Every pastor knows they will hear this question: “What is God’s vision for our church?” Or, it might be stated a little differently, like, “What are we supposed to be doing? What is God’s will for our church?” These questions will be asked either during an interview with a search committee, or right after the pastor arrives new to a church, or both.
Many pastoral candidates have a ready answer. They have gone to a seminary class, or they have attended a leadership seminar, or they have read a book, and they have a specific image in their mind of what a church—every church—should look like. Unfortunately, those pastors’ plans often have nothing to do with the reality of the church at hand. Even when the church initially supports the pastor’s vision, when it is time for action, pastors hear:
That won’t work here.
We tried it already, and it didn’t work.
If you knew us, you wouldn’t have even suggested that.
It is often at this juncture that a pastor leaves for another church, only to try the same vision on the next church. Otherwise, the pastor stays and relationships begin to get strained. This scenario is a very common cause of church conflict.
Why doesn’t this pastor-driven approach work? After all, isn’t it the pastor’s job to figure out what the vision is? Could it be that most pastors are on the introverted side of the personality spectrum? Could it be that more than 80 to 90 percent of pastors cannot pull off implementing a vision by the power of their personality and giftedness? Could it be that, in a volunteer organization, telling people what to do doesn’t work? Could it be the Bible offers another way?
When working with a pastor on this approach, I ask, “If the priesthood of the believer is biblical, and if it is a core value in a church, then why can’t the whole congregation work on discovering a vision—even when there is not an installed pastor?”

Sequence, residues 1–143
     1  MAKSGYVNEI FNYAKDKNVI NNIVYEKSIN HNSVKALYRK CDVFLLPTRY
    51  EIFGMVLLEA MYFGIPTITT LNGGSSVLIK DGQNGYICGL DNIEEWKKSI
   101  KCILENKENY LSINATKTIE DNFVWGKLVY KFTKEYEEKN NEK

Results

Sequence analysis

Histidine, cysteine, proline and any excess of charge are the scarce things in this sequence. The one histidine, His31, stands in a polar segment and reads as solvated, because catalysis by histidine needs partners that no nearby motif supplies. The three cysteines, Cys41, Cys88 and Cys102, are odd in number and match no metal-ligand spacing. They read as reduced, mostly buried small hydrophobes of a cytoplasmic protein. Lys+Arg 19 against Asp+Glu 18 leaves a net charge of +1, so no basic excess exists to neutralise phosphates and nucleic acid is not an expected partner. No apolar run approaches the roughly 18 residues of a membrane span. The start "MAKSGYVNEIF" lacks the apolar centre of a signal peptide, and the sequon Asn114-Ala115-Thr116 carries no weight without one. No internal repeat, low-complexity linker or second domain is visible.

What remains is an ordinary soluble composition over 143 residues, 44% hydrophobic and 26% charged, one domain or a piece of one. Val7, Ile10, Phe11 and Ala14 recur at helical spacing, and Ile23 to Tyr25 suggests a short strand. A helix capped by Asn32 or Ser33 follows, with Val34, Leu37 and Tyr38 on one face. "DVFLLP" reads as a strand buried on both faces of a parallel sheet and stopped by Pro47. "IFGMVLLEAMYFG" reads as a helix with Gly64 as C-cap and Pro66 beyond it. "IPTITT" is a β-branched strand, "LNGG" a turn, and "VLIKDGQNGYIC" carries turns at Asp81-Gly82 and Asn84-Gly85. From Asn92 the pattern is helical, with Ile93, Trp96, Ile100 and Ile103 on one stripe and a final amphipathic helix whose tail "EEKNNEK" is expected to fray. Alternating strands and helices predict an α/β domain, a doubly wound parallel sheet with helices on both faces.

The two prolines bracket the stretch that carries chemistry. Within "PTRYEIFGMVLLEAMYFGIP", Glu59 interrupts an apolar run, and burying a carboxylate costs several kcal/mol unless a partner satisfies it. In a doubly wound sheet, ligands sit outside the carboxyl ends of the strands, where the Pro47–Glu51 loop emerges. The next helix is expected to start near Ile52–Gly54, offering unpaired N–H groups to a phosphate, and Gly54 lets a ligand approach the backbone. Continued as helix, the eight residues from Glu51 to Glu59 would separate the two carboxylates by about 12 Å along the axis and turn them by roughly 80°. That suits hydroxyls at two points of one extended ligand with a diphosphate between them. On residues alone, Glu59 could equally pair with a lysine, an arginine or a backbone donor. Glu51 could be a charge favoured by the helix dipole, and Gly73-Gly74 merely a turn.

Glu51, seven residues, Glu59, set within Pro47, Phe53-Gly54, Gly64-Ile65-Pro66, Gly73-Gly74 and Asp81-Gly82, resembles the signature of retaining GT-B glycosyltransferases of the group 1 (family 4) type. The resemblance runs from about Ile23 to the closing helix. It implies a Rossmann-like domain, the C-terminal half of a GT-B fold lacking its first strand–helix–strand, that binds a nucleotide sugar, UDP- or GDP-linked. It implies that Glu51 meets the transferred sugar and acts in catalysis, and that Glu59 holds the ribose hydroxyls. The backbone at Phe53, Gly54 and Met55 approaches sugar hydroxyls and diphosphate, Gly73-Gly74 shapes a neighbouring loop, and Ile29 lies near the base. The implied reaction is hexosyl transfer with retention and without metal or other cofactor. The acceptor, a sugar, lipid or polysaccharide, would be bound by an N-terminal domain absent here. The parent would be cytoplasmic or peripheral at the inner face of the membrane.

Just think, if a pastorless church could discover their vision, that vision could become part of their pastor profile. This clear profile would help the church call the right pastor because that candidate would already feel the same call from God as the congregation.
In this approach, the visioning process begins with the church body. Through surveys, small group meetings and/or town hall meetings, the church members would gather their thoughts and dreams. Over time, the Transition Team would gather and process the collection of ideas and dreams. The team would begin to shape them into possibilities. Back and forth, the dialogue would continue in the congregation, using a spiritual process, until the church united around a specific focus that creates a passionate commitment by a sizeable portion of the church
When compared to the pastor-driven approach, the church-wide approach is harder and longer. The inclusive approach also has its share of pitfalls, but the process is biblical and Baptist. It puts the priesthood of the believer into practice. This church-wide option is likely to lead to a church vision that doesn’t fall apart just because the pastor leaves. In fact, maybe pastors wouldn’t leave so quickly because the church said “no” to their singular vision. Instead, maybe pastors would stay longer as they helped their churches fine-tune the dream and continue together in a mutually-affirmed journey.
Imagine a new scenario. What if a search team asked, “What do you think this church ought to be doing?” And what if they accepted a pastoral candidate’s unexpected answer. “I don’t know. But I’d love the chance to lead this church in asking that question, and finding the answer, together.”
Thank you very much, welcome to the Late Show, this is our first show on the air since New York and Washington were attacked, and I need to ask your patience and indulgence because I want to say a few things. And believe me, sadly, I’m not going to say anything new. And in the past week, others have said what I will be saying, here tonight, far more eloquently than I’m equipped to do. But if we are going to continue to do shows, I just need to hear myself talk for a couple of minutes [emphasis added] and so that’s what I’m going to do here. [September 17, 2001, New York City, NY, USA]
And then, for five-and-a-half more minutes, David Letterman poured his heart out about the 9/11 terrorist attacks.
The New “Post-Event Trauma”
We are entering a new post-9/11-type moment in history. According to Barna, church members are flocking back in droves to attend church in person. What Dave got to do in his special monologue, plus the rest of the show with Dan Rather, was good for his psyche. It was welcomed by his viewers. But when I was reminded of that Late Night episode this week, I snapped to attention and thought, “That’s what our church members are going to need. They need ‘to hear themselves talk for a couple of minutes.’”
Have you considered how your church will handle it? “Welcome back! It’s good to see everyone again. Doesn’t this feel good?”—may not be enough. Your speaking from the pulpit, on behalf of your congregation, will be necessary and helpful. But it won’t be enough.